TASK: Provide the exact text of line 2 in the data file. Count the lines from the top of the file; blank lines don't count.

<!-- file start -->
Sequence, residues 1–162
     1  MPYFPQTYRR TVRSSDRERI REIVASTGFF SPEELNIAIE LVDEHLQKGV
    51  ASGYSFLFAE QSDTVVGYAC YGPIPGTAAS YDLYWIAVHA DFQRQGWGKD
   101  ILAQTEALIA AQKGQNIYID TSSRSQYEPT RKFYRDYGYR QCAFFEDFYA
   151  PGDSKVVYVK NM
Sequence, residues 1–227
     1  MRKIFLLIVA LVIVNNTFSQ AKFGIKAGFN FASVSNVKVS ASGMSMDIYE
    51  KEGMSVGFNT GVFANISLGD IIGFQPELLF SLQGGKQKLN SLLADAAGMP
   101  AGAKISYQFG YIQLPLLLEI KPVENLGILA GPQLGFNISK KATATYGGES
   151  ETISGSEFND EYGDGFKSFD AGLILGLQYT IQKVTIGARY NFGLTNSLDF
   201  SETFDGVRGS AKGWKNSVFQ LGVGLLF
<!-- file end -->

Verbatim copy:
     1  MPYFPQTYRR TVRSSDRERI REIVASTGFF SPEELNIAIE LVDEHLQKGV